One of the strangest things about children is how quickly, instinctively and downright enthusiastically they take to music. You might struggle to make them do the things essential for life, such as eating broccoli or wrapping up in winter, but hand them a ukulele and you’re almost guaranteed to have an occupied child for long enough to clean your windows.
Of course the downside is that musical instruments can be expensive. Few would recommend letting a toddler have a fiddle with your Stradivarius, but even a solid wood piano can be brought to its knees by a set of jam-covered fingers. That’s where children’s instruments come in. They are definitely not toys, but are designed and priced with children in mind.
First there’s the construction. Because timbre and sustain might not be at the top of most children’s lists of considerations, kids’ instruments can be built a good deal more sturdily, with thicker wood, more strengthening members, longer-lasting strings and such like. Or alternatively, they can simply be inexpensive enough to be replaced if they do get bunged up with modelling clay or run over by a bike. That’s not to say they shouldn’t be looked after, and normal parental responsibility will apply, but the inescapable fact is that children are simply more clumsy than adults, and less able to see the consequences of their actions (in other words, to think of someone or something else to blame).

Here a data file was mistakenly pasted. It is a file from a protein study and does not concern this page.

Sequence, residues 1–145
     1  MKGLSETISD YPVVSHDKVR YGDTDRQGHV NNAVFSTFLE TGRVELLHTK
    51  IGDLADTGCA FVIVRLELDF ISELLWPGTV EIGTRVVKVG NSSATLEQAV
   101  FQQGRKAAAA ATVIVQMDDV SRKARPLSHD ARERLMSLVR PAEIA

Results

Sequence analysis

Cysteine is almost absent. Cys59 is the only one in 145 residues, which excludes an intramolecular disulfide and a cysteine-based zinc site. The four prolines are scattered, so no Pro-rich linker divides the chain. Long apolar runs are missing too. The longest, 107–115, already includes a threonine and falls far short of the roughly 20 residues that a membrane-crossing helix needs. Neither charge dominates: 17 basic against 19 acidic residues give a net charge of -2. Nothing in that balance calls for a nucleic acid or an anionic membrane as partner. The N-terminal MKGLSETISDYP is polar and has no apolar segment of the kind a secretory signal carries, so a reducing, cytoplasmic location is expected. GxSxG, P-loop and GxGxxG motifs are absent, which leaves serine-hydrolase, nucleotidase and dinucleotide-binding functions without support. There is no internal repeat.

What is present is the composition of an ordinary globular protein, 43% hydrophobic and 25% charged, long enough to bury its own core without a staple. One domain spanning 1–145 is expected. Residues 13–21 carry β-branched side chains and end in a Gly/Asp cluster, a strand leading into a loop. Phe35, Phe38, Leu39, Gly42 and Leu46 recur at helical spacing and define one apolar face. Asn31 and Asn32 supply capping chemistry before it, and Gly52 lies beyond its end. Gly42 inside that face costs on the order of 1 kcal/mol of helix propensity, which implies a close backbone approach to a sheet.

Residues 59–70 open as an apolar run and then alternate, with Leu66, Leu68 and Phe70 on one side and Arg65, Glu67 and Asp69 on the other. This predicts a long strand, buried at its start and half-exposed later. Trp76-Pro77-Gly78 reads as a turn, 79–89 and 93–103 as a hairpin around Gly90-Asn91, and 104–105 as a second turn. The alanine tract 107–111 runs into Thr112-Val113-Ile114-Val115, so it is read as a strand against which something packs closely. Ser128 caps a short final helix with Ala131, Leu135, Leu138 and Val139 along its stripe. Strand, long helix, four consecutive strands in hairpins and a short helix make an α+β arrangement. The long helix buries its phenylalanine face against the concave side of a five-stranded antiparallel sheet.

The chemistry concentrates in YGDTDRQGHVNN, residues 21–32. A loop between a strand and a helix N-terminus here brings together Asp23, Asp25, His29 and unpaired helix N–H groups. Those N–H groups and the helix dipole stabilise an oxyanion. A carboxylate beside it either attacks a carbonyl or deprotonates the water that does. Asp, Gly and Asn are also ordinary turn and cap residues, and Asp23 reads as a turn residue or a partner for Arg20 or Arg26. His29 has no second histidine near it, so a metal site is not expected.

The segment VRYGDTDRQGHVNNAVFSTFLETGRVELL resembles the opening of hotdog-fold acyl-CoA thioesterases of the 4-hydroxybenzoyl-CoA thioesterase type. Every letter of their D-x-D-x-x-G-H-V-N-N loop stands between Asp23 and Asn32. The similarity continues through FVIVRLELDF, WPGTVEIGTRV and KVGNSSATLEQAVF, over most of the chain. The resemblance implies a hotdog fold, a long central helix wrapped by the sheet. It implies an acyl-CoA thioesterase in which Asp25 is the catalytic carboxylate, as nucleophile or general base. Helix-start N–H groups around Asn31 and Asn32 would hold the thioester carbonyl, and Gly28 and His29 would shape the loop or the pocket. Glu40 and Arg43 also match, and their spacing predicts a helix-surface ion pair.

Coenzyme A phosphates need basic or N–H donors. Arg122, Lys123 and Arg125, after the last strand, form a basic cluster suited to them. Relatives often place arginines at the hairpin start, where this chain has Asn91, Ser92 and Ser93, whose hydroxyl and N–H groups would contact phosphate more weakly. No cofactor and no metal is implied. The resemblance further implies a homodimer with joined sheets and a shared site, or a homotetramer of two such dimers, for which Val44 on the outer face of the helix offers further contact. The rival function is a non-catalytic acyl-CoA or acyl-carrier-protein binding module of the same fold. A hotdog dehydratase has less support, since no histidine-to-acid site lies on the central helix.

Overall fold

The second consideration is ease of use. This is really important, because if you present a child with too steep a learning curve, frustration is more likely to get the better of them. Ease of use can include anything from having gentler actions on keys, valves or strings to having the notes printed on the instrument itself at the appropriate places. The size of the instrument comes under this category too. Most instruments have smaller versions designed to be played by smaller fingers and mouths. If the instrument isn’t going to be a surprise, it’s definitely worth trying out in a shop first, just to make sure. It’s not unusual for children’s instruments to be less complicated as well as being smaller, for example keyboards might only have two or three octaves and could be monophonic or duophonic to make sure music learnt more methodically. Nowadays there are even electronic instruments which are programmed with lights to guide the fingers up and down the keyboard or fretboard.
Finally there’s the fun factor. Every educator of youngsters knows how important it is to bring enjoyment into proceedings, and music, although fun in itself, is no exception. This can be something as simple as having a vibrant design on the instrument – a jazzy pattern or lively pictures, for example. Instruments are available tied in with kids’ favourite TV and cinema shows, and the inevitable recognition can help overcome any initial barriers or misgivings.
So there are plenty of tricks to help kids to learn, or simply get interested in, music. Just think, with gadgets like these, maybe Mozart wouldn’t have waited till he was five before he started composing.